Greater Louisville Inc. The Metro Chamber of Commerce
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September 23, 2021 5:01pm

From the Desk of the CEO 9/23/21

We join our community in grieving the tragic and senseless murder of JCPS student, Tyree Smith, who was killed waiting at his bus stop on Wednesday. Tyree was an Eastern High School student with a bright future that was taken far too soon. Our thoughts and prayers are with Tyree’s family as they grieve this unimaginable loss.

As we mourn and remember Tyree and all those who have been lost to violence, our focus must remain on ensuring we do not see more of these tragedies in our community. We implore authorities to pursue justice for Tyree, but the unfortunate reality is his murder is part of a concerning trend we have seen grow in the last several years in Greater Louisville.

Violent crimes are rising in prevalence throughout our community. These incidents are infiltrating almost every zip code and every part of Louisville. This year alone we have lost 21 juveniles in homicides, and 82 have been wounded in shootings. Every day there are new stories about shootings, carjackings, and robberies. We must avoid the temptation to become numb to the trauma happening in our community and instead advocate for aggressive action to stop senseless violence.

We need people to feel safe living in Louisville. We need people to feel safe visiting Louisville. And we need people to feel safe doing business in Louisville. Failure to quickly address this rise in violence will have major implications on our community. Not only does a soaring crime rate deter talent from moving to Greater Louisville, but it also wards off prospective businesses looking to invest in our region. That means less opportunities, jobs, and investment that could help members of our community stay off the path towards violence.

So where do we go from here?

We must continue to support violence intervention strategies to eradicate the underlying problems that lead individuals to commit violent crimes. We are continuing to advocate for investment in these community programs and we support the work of the Group Violence Intervention (GVI) strategy that was rolled out last year.

GVI is a hands-on program that convenes violence prevention experts regularly to review and monitor incidents and trends in local violent crimes. From that careful review, they identify individuals within the community who are involved in dangerous group and street activities that put them at an elevated risk of committing violent crimes. The coalition of community groups then engages the individual through direct conversations about likely consequences of their current path and offer them the opportunity to move forward in a new direction without the fear of repercussions by providing resources to help safely access new opportunities and move into a more meaningful direction in life. GVI is a proven method that is effective because it targets and provides hope to those most intimately involved in activities that lead to violence. The GVI approach has been successfully implemented in cities of varying sizes across the U.S. with positive results including a 41 percent decrease in group-involved homicides in Cincinnati.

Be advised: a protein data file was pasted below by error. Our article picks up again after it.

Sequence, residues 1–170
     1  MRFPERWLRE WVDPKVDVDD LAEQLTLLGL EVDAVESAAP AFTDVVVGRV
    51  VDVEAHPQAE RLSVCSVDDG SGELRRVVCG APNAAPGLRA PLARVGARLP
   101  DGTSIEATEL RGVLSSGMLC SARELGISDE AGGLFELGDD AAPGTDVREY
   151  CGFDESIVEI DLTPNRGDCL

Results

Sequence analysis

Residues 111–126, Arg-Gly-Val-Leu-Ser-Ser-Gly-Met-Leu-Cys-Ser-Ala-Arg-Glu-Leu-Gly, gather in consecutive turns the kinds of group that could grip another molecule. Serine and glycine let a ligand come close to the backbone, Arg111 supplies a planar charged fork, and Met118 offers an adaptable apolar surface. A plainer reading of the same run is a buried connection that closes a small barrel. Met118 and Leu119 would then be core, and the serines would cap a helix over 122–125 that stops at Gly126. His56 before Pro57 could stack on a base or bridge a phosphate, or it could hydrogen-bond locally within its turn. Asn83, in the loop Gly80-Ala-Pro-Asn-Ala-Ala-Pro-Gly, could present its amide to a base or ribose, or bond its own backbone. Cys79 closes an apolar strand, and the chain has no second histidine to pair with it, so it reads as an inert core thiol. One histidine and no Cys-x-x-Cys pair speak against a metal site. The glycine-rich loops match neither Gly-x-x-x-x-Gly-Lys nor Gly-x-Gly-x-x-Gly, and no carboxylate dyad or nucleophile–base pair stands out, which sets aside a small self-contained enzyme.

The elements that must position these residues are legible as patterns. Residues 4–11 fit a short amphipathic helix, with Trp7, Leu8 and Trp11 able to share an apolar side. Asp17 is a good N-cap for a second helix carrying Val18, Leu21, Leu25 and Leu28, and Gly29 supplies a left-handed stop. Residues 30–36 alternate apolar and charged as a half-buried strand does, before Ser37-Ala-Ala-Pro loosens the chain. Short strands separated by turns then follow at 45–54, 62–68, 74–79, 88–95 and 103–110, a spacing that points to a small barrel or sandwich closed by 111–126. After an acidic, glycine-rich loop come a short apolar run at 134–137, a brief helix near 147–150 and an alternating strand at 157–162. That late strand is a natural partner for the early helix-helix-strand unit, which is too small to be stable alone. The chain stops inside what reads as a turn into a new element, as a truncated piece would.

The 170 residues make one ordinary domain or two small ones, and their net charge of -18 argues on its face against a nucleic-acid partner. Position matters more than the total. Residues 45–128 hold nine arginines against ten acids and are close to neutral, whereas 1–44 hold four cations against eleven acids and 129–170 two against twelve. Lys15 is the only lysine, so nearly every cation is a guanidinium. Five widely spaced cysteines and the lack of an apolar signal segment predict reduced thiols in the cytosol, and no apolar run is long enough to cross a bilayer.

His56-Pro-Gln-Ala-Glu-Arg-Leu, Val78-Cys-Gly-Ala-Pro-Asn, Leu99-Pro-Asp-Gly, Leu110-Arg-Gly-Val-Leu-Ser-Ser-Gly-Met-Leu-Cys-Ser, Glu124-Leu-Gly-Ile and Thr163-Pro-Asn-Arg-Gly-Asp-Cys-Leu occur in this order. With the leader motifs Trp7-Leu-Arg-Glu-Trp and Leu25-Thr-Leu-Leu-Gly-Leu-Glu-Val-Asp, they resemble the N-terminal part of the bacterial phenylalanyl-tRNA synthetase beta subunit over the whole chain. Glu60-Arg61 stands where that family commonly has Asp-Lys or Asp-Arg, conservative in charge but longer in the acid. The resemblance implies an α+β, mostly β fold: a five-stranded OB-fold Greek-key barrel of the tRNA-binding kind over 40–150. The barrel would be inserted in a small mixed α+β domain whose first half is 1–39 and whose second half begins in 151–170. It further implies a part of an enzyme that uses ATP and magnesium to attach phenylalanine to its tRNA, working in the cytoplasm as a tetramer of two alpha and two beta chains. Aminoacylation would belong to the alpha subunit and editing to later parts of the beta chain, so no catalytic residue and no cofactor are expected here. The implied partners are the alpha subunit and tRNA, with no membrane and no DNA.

There are a number of city and private programs that are on the ground and working to engage with those at risk of getting involved in group violence through mentorships and constructive programming. Moreover, we cannot understate the direct correlation between crime and poverty.  I encourage you to engage with and invest in these programs that are continuing to make a difference in countless lives by addressing precipitating factors that lead many to violence.

In addition, GLI is in communication with city officials and law enforcement to ensure they know public safety is a top priority for the business community. This is a widespread problem that demands a comprehensive strategy and we are prepared to lean-in and do our part to support these efforts. As the voice of the business community, we are prepared to work with elected leaders at the local, state, and federal levels to advocate for the programming and funding that will be most effective in restoring a sense of safety in our community. I ask each of you to join us in your support for these programs and initiatives. Rebuilding a sense of safety will take time and tremendous effort, but it is critical to the overall well-being of our community.

Sarah Davasher-Wisdom is the president and CEO of Greater Louisville Inc.